Reviewed by Brett Thorne.
The band’s full-length debut, Talking Through Tin Cans, was received with the kind of warmth usually reserved for new Radiohead albums in Pitchfork’s review section. iTunes named it the best Indie/Alternative album of 2008 and bands like Death Cab For Cutie, Grizzly Bear and Ra Ra Riot have brought these Brooklyn-by-way-of-San Francisco boys on the road for support.
It was during a 2008 show with Ra Ra Riot, at Austin’s venerable venue The Parish, that a new hater was born (namely, me). The band took the stage after Walter Meego put on the kind of performance that makes you reevaluate your life choices and consider giving up music completely.
Singer Christopher Chu probably walked up to the microphone and introduced his band. There was probably some clever pre-song banter. I really don’t remember. The band’s set is a blur. Not only did the Benders’ music come off as bland, but apparently their instruments were all stuck on the highest possible treble setting which was hell for anyone standing within 20 feet of an amplifier. The effect was comparable to having an electric screwdriver forced in your ear. I was left dazed and barely conscious when it came time to ogle Ra Ra Riot’s cellist, Alexandra Lawn.
My friends didn’t share my loathing. In fact, it seemed like The Morning Benders were the only band they listened to for months after the show. I remained unconvinced. So, when I saw the new Morning Benders album in my inbox, the sky thundered, the ground shook and my ears started bleeding again.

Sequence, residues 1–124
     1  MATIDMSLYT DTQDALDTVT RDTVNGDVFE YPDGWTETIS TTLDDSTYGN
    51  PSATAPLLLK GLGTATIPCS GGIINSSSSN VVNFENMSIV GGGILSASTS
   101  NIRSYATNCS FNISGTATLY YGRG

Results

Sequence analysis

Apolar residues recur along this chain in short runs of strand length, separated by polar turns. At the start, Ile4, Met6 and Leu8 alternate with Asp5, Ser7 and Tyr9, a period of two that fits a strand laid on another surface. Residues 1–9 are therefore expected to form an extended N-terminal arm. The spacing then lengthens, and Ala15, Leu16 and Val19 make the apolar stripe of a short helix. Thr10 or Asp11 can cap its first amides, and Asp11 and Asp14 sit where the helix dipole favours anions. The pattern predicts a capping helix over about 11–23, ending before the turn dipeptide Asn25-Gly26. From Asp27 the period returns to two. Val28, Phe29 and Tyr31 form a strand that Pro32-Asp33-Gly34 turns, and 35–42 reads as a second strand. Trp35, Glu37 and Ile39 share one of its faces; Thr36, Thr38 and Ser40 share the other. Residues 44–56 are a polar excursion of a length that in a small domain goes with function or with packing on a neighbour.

Then I listened to the album.
“Excuses,” a dreamy little waltz, begins with the sounds of a needle being placed against a record. Swelling violins give way to acoustic guitars and lots of percussion as Chu belts out “the bones are too heavy to come up, squished into a single cell of wood.” Chu is swinging for the fence on this one. I don’t know why the bones are so heavy or how they got squished into a single cell of wood, but the way Chu sings it, I’m convinced these bones are the most important thing in the world. Did I really think these guys were bland? The whole song devolves into a simple “da dum, da dum, da dum” before crescendoing back into one final chorus of gypsy-esque percussion, violin, acoustic guitar and Chu’s crooning.
“Promises,” the second song on the album, is drenched in reverb and is without a doubt one of the hippest songs I have heard in a long time. I don’t mean hip hip. I mean this song has swagger. Chu is doing his best Coconut Records impersonation as he lazily sing/speaks over reverb-drenched guitars and a drum beat that holds the sparse arrangement together. The world hasn’t experienced this kind of cool since early Strokes material.
“Cold War (Nice Clean Fight)” is one of the stand-out tracks of the album and has an infectious chorus that wouldn’t sound out of place on the Beach Boys’ Pet Sounds. In fact, this album is full of memorable choruses and hooks that would sound as good in a smoky SoHo bar as they would being blasted while driving down Pacific Coast Highway.
In addition to the band’s songwriting prowess, Chris Taylor’s production also stands out on Big Echo. The whole album utilizes reverb and swelling instruments, which can get tiresome but ultimately makes the album sound much bigger and more grandiose than the band’s previous efforts. It would be interesting to hear how well the boys pull of live performances of these songs.
Big Echo is a big album. Not only is the sound of it huge but The Morning Benders have a lot riding on it. The first record for a new label can be intimidating enough, but add to it the pressure of living up to a well-received debut album and you have a recipe for a failure on the same level as The Darkness. If you’re trying to remember who The Darkness were, let me say… exactly. This album is not One Way Ticket To Hell… And Back, though. Big Echo is one of the most fun albums of the year and delivers on the high expectations this band faces. It was enough to convert this hater.
Red River rating: 8 out of 10